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Cub Scout Pack 5
(Millsboro, Delaware)
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Pinewood Derby

Pinewood Derby Official Rules

These are the Cub Scout Pinewood Derby Official Rules plus the key rules the BSA did not include.
Other resources include Pinewood DerbyTipsDrivers LicencesCertificateslinks, and planning ideas.

Pinewood Rules


Please read these Rules and Instructions before building your car.

The Pinewood Derby is open to all Cub Scouts. Cars should be built by the Cub Scouts with some adult guidance. Any technical assistance should be fully explained to the Cub Scout so that he can use that knowledge on future projects. Because it is difficult to establish how much help was given in building the car, some Packs have a separate Pinewood Derby Race for adults.


  • Maximum width - 2-3/4"
  • Maximum Length - 7"
  • Maximum Weight - Not over 5 Ounces
  • Minimum width between wheels - 1-3/4
  • Minimum bottom clearance underneath the body (so it does not rub on the track guide) - 3/8"


Wheel bearings, washers, and bushings are prohibited. The car shall not ride on springs. Only official Cub Scout Grand Prix Pinewood Derby wheels and axles are permitted. Only dry lubricant is permitted. Details, such as steering wheel and driver are permissible as long as these details do not exceed the maximum length, width and weight specifications. The car must be free-wheeling, with no starting devices. Each car must pass inspection by the official inspection committee before it may compete. If, at registration., a car does not pass inspection, the owner will be informed of the reason for failure, and will be given time within the official weigh-in time period to make the adjustment. After final approval, cars will not be re-inspected unless the car is damaged in handling or in a race.


Check the grooves to ensure that each is at a perfect 90-degree angle to the car body. A car with untrue axles tends to steer to one side or the other, causing it to rub up against the side of the lane strip, slowing it down. You can check the groove angles by using a square, a protractor, or even a piece of paper. 
Lay square on block to check for squareness and alignment of slot.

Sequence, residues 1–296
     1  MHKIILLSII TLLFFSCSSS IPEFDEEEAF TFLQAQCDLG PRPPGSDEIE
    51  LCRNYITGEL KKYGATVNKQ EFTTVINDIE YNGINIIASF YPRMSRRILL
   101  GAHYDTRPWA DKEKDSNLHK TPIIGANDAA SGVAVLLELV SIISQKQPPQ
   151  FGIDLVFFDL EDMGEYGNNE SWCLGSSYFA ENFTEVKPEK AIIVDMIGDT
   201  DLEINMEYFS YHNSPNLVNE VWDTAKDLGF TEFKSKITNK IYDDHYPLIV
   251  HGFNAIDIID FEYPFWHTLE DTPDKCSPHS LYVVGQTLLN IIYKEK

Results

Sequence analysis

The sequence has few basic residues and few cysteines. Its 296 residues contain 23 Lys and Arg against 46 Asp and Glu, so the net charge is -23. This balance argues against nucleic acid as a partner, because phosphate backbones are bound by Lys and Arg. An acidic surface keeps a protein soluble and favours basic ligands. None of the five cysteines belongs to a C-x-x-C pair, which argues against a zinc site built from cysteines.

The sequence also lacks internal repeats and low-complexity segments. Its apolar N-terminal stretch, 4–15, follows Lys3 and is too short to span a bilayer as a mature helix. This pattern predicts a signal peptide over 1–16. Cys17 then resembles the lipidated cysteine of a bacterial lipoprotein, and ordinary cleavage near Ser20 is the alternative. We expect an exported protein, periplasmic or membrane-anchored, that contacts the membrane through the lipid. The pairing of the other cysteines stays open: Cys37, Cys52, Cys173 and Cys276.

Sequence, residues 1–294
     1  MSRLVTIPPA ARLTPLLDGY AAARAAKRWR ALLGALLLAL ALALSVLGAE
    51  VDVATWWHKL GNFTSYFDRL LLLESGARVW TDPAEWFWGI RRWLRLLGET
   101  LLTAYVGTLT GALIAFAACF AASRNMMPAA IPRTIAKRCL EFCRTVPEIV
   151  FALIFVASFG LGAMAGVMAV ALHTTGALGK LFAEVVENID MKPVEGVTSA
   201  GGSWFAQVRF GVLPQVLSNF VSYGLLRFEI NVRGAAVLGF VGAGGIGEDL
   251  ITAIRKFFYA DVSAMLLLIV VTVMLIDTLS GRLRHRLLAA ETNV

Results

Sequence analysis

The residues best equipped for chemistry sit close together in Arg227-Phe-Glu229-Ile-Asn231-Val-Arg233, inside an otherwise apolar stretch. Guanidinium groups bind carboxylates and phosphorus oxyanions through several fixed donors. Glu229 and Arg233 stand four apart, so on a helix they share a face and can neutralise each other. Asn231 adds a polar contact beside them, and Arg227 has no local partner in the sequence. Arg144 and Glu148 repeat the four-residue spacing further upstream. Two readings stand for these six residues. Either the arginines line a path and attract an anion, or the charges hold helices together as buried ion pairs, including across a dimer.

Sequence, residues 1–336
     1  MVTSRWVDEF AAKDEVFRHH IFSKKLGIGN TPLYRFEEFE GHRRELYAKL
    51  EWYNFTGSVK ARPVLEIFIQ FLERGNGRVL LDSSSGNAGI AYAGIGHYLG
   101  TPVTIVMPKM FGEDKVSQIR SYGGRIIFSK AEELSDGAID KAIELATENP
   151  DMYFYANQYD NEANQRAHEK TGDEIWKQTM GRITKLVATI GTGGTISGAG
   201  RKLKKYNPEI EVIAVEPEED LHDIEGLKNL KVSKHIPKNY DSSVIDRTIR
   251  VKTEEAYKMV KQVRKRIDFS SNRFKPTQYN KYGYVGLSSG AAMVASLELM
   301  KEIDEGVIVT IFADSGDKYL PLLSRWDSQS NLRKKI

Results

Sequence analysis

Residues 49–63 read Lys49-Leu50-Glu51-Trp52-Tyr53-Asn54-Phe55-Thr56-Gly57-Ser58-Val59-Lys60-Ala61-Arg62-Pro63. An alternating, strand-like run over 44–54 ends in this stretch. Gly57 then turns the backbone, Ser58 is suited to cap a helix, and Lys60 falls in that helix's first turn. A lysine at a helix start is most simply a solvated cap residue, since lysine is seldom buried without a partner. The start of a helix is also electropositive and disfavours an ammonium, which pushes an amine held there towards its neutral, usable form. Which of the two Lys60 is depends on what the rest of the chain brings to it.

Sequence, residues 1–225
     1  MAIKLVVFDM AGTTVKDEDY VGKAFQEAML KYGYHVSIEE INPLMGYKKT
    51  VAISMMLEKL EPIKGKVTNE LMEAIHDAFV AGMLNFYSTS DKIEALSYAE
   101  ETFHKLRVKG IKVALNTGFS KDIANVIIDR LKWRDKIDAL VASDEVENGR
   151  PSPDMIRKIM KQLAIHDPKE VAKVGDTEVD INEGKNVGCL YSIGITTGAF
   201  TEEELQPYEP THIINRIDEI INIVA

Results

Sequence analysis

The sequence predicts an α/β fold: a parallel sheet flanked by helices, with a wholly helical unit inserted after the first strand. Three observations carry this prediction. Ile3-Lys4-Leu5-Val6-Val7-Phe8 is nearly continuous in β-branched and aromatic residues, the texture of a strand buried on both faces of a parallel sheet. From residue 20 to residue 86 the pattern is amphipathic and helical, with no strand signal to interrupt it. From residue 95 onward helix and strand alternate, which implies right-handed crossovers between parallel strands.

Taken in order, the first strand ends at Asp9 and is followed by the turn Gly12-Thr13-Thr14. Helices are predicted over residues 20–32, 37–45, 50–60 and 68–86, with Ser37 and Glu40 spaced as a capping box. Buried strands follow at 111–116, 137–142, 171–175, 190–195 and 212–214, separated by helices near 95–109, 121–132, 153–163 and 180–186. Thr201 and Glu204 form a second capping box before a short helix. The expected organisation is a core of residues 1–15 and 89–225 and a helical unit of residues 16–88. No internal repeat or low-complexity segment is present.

Use two hacksaw blades side by side to redress the slots. Use the edge of the square as a guide.

Choose your favorite design, then mark the block accordingly (See Figure 1). Lay car body on the side, then gently drive the axles into the grooves within 1/4" of the axle head. Axles should fit tight. With a pair of pliers, remove axles by pulling and turning gradually (See Figure 2). Repeat on the other side of block. Most of the cutting can be done with a hand saw, then finished with sandpaper (See Figure 3). Details such as fins and scoops should be added now. Any additional weight needed to achieve a total of 5 ounces should be built into the car. 
NOTE: If the car design you chose has a narrow body, make sure the area where the axles are inserted into the body remains 1-3/4" wide, or wheels will not fit over the guide strips of the track.


Apply several coats of sanding sealer; then sand entire car with a fine-grade sandpaper. Give model at least two coats of fast drying paint, in your choice of color. When paint is completely dry sand with a fine sandpaper, apply a final coat of paint and allow to dry thoroughly. To finish, rub entire car with a rubbing compound. Details such as windshield, driver, racing numbers, etc., should be added now. For a super finish apply a coat of auto wax and rub to a high gloss. Pre-lubricate axles and wheels using, dry powdered lubricant. Do not use regular oil or silicone spray, since it may soften the plastic. Slide wheels over axles, then gently tap them into the car body grooves with a 1/4" dowel or similar object to within 1/32" of car body. (See Figure 4). Make sure wheels turn freely.

Due to many requests we have eliminated the cockpit section in the Pinewood Derby block to allow for more designs.
© Copyright 1997 Boy Scouts of America

Rules Many Packs Add

For families who can afford it, there are items on the internet that can make a car literally twice as fast. Many packs add rules to insure that only the BSA kits and materials are used and that motors and other devices are not used:

  1. Use only Official BSA Pinewood Derby Kit wood, wheels, and nails. (Other wheels & kits are available on the internet that give a very unfair advantage.)
  2. Wheels may only be lightly sanded to smooth out molding imperfections in the tread area. Beveling, tapering, thin sanding, wafering, or lathe turning of the wheels is prohibited. The decorative dots on the wheel treads may not be removed. (Lathing of wheels can make cars much faster.)
  3. Motors, engines, or other propulsion may not be used. (The official BSA rules do not prohibit motors but it is an unfair advantage.)
  4. The Minimum Front Nose Width shall be at least 0.5” and parallel with the front axle to operate properly on the track. Cars must be no more than 3.5" high to fit under the finish gate.
  5. All cars are to be inspected and stored safely prior to the race. (This allows time for Scouts to make changes if needed.)

Open Class cars can not have rocket engines and must still meet height, width, and other safety standards.

See also

Best Design Best In Show Cubmaster's Pick Judge's Favorite Best Detail Best Paint Job
Most Colorful Most Original Most Realistic Most Aerodynamic Most Innovative Best Theme
Most Artistic Best Workmanship Most Decals Best Dragster Best Classic Design Most Futuristic
Best Scout Theme Best Truck Design Best Wedge Shape Most Creative Most Unique Most Patriotic